Clark did not claim Pocahontas as an ancestor, but he was part of a community of people who had been pejoratively called “free issue,” “isshys,” or “little people”—names that indicated an indeterminate racial identity and a “colored but free past.” The RIA eliminated the recognition of individuals with black, white, and Indian ancestors, and Goodman had to classify her neighbors as either white or black. When Clark, whose family had been classified as alternately mulatto and white in an earlier census record, met Goodman, she told him that his family was not Indian; they were not white; they were black. Clark resisted the categorization, and she reported his insubordination to Walter Plecker, her state supervisor, head of the Bureau of Vital Statistics, and one of the architects of the RIA.
When Goodman faced Clark, she had to take into account local history and practices or loyalty to the Jim Crow state. She chose the state. In writing her letter to Plecker, Goodman invited state intervention and performed vital work for racial segregation. The letter acknowledged the power of a Progressive Era bureaucracy to create an American racial state and Virginia’s requirement that its workers maintain the color line. Why Goodman participated in such an endeavor remained unclear. The correspondence about the Clarks failed to tell whether Goodman’s act arose from a deep devotion to white supremacist ideology, an inclination for bureaucratic officiousness, or a tendency to follow authority figures. But her 1924 letter as well as one nineteen years later noting that the Clarks continued resistance to a classification of “colored” or “mulatto” pointed to her long commitment to shoring up a biracial world. For nearly two decades, Goodman did not defy Dixie’s color line.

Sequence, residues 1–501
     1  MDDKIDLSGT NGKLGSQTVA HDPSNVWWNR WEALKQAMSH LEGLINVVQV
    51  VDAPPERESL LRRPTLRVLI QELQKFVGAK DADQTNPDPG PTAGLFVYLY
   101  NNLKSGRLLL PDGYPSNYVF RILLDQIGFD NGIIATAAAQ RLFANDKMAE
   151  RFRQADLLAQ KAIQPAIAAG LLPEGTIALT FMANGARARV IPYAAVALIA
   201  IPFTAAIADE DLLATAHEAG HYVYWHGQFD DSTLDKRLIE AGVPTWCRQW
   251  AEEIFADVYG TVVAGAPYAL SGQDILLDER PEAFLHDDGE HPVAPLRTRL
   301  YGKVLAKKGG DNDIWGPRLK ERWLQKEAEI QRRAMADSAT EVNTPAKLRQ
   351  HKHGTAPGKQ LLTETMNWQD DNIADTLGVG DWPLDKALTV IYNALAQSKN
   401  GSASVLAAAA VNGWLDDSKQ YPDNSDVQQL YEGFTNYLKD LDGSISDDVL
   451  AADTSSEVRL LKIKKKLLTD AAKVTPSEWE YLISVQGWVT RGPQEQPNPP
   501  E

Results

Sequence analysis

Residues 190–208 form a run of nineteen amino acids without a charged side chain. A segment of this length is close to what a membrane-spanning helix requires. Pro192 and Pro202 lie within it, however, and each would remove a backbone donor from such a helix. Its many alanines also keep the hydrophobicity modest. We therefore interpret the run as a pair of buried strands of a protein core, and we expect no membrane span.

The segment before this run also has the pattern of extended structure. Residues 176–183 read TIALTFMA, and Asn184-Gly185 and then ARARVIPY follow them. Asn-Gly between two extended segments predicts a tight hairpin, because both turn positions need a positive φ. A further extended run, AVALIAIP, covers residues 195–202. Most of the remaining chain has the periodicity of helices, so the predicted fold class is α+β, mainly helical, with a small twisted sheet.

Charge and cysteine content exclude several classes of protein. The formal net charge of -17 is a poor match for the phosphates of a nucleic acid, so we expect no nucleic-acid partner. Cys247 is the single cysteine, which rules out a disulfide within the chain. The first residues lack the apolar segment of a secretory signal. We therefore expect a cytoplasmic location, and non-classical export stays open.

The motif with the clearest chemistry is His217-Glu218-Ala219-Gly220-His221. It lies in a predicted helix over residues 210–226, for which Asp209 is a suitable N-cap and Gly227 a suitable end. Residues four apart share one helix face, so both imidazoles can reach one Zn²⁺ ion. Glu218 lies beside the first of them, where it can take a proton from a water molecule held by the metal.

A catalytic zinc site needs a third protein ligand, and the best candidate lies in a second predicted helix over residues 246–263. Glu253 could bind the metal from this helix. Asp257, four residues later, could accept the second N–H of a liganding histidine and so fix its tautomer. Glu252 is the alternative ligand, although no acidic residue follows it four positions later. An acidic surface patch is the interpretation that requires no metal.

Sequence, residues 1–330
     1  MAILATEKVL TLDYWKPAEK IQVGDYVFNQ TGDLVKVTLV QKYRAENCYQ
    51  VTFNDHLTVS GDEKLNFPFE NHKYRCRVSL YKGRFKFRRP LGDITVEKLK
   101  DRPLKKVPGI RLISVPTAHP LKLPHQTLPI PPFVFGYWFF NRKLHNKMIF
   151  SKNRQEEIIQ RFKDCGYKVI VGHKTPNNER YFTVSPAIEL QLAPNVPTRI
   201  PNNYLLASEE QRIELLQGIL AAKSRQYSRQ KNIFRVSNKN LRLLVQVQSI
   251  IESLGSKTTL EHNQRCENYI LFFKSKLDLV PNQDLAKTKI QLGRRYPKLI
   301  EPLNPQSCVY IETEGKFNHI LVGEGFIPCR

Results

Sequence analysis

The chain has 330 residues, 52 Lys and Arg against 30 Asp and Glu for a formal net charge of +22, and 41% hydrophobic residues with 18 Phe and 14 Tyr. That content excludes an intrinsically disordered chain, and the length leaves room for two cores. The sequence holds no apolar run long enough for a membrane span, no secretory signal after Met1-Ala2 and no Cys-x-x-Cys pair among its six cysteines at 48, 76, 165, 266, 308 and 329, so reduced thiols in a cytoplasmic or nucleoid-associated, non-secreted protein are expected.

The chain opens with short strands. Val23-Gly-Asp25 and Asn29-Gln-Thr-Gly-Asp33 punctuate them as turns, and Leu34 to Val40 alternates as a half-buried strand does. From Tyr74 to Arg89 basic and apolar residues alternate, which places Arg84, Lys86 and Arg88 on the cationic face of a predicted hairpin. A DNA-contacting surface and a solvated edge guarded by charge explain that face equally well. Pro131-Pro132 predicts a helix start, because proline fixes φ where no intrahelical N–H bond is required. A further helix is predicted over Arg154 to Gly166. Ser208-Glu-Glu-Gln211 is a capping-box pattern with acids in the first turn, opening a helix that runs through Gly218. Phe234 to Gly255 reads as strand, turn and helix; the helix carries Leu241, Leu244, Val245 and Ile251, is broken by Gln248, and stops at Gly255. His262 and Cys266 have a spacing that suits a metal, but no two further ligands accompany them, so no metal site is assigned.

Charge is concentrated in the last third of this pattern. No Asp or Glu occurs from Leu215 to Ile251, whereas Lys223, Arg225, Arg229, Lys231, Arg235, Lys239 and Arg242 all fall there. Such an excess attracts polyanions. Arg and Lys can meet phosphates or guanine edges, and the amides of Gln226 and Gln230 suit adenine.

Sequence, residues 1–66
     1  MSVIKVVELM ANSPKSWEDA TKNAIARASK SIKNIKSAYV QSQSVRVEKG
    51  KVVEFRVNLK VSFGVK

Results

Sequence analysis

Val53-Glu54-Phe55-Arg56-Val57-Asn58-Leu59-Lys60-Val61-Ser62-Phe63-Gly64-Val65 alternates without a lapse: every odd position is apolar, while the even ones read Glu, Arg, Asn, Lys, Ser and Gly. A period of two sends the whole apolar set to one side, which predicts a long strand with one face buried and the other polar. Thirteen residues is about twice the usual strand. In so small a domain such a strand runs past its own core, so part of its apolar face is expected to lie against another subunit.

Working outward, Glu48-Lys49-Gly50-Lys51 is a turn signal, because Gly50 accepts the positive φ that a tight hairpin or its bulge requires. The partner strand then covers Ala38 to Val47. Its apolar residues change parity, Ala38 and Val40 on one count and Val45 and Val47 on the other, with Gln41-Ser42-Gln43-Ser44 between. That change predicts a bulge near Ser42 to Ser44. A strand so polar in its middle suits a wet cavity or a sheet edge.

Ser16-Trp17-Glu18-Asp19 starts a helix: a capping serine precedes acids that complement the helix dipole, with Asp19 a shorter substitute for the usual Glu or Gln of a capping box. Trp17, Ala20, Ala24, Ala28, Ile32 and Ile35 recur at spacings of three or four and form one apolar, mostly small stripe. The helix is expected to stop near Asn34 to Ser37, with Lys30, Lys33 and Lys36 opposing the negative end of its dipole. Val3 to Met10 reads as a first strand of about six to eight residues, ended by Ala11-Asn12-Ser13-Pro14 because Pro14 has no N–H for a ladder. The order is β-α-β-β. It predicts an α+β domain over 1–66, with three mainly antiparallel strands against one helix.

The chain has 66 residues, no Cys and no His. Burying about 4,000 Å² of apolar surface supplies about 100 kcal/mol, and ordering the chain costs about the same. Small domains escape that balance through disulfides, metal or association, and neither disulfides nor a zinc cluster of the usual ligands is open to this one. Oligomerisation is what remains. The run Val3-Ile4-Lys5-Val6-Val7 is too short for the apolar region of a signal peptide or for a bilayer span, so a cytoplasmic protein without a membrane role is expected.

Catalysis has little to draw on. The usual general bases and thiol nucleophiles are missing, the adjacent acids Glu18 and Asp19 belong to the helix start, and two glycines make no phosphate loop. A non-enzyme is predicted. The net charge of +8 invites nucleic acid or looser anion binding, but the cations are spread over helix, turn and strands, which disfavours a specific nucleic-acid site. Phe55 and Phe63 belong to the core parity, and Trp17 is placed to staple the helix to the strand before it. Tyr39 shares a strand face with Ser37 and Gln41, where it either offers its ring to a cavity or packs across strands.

Goodman’s embrace of racial standardization put her in the company of other white women, who as new bureaucrats embarked on the sorting out of the American population according to race, ethnicity, delinquency, and mental fitness. Goodman joined women like Mildred Covert whose fieldwork imposed racial classifications and criminality on California’s non-white youth as well as “marriage reformers” from Arizona to Georgia, who turned licensing registrars into “gatekeepers of white supremacy.” Goodman’s letters also pointed to the patriarchal relationships replicated by the state whereby women on the ground implemented policies crafted by male officials, earning professional accolades, community authority, and some income. For Goodman and others, new state authority born of the Progressive Era had created zones of racial work at the same time it created economic opportunities for many white middle-class women.